This photograph was dated 30th January 1963, it was commissioned for a postcard; but was probably shot during the preceding Summer. Here we see several ships tied up at the wharf, as well as pleasure craft in the foreground. To the left is the former Mission Hall (which has been the Harbour Arts Centre since 1966), the Ship Inn and a series of buildings which include the Cross Keys Hotel. A really lovely view!
Engineer Tom McLean. Probably taken at the handover to the owners.
Although built in Greenock by George Brown & Co at Garvel Shipyard, motor tug Garnock is an Irvine lass through and through.
Built in 1956 for the Irvine Harbour Company, Garnock assisted in the towing of large vessels using the Garnock Wharf, a private wharf serving the ICI explosives works at Ardeer, and was a familiar sight to many in the very harbour where she now sits.
Replacing the paddle tug George Brown, which had served the harbour since 1887, Garnock was the last operational tug to work at Irvine. She cost £40k to build and has a part-welded, part-riveted steel structure, and still has her original 8-cylinder Lister Blackstone engine, which gave her enough power to cope with larger vessels. Her hull and fittings are mainly original.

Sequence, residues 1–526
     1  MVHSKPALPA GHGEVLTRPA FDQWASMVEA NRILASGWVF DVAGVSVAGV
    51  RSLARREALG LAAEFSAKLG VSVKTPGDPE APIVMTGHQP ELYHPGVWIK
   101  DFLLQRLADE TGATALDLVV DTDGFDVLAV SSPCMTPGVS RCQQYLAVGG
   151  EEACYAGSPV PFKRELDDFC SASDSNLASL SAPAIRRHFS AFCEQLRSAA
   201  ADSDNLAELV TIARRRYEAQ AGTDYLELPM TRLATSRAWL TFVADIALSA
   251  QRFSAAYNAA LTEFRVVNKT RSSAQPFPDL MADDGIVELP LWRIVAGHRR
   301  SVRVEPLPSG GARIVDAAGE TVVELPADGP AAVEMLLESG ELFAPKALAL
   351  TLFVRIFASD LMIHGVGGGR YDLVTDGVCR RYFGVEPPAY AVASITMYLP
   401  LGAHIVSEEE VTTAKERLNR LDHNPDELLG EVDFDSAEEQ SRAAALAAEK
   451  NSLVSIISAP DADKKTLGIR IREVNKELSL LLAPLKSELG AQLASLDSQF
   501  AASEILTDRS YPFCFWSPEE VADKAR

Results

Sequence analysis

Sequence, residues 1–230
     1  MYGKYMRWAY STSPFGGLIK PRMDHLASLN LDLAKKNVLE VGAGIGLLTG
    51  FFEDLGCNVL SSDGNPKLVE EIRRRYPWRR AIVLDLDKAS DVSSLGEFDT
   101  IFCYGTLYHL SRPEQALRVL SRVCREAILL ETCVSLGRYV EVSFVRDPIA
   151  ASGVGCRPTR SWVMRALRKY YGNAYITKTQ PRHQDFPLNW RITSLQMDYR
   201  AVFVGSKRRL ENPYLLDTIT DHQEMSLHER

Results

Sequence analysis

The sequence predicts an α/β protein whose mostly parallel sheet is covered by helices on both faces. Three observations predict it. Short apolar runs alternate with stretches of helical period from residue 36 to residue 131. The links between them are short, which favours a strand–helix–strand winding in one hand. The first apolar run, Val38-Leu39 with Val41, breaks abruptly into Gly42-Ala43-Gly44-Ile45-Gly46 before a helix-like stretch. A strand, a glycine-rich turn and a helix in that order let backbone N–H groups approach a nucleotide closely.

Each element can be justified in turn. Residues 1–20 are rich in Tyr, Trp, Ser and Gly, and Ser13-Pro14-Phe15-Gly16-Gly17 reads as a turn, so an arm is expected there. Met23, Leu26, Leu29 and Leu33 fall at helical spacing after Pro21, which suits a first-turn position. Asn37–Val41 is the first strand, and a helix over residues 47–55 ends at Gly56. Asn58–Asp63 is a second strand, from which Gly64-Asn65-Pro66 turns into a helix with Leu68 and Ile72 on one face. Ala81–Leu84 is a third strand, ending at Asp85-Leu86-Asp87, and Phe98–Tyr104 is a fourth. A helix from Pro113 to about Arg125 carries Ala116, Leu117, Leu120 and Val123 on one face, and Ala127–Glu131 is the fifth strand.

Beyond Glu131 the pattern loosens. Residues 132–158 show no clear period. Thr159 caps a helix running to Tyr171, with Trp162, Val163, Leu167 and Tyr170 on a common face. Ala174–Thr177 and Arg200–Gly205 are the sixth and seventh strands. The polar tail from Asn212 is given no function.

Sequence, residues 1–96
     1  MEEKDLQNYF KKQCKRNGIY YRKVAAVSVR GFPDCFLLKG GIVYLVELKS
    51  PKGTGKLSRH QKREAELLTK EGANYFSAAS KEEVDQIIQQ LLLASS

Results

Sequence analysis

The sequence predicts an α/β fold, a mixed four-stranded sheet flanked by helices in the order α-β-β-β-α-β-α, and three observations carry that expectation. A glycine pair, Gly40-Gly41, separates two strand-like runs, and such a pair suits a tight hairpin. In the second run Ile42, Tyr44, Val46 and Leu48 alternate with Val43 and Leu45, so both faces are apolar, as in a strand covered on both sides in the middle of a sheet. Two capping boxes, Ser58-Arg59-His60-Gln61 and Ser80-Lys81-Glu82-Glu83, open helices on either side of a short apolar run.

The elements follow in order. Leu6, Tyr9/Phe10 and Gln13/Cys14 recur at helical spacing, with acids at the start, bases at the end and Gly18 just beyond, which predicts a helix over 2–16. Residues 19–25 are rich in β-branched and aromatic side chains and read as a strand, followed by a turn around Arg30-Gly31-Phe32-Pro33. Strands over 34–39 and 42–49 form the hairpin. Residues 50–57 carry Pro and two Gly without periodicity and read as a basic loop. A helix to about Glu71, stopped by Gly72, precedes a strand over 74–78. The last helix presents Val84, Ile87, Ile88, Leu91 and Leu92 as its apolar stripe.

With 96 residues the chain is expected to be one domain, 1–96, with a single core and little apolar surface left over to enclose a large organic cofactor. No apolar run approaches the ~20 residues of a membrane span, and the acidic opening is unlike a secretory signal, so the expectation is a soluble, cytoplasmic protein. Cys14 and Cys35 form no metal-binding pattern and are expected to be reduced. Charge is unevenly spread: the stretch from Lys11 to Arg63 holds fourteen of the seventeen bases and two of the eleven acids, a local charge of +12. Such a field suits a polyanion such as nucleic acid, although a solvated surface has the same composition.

Another duty of Garnock was to dump faulty explosives at sea, and in February 1984, while doing so in the Firth of Clyde to the west of Ardrossan, an explosion ripped a hole in her stern. Assisted by Troon lifeboat, she was taken to Troon Harbour and was presented to the Scottish Maritime Museum later that same year.
Included on the National Register of Historic Vessels of the United Kingdom, Garnock is a fine example of a vessel designed specifically for service at Irvine, and for particular industrial concern. She is also thought to be the only tug preserved in Scotland.
SMM ref 2009-129(004)
Photo by Alan Kempster for SMM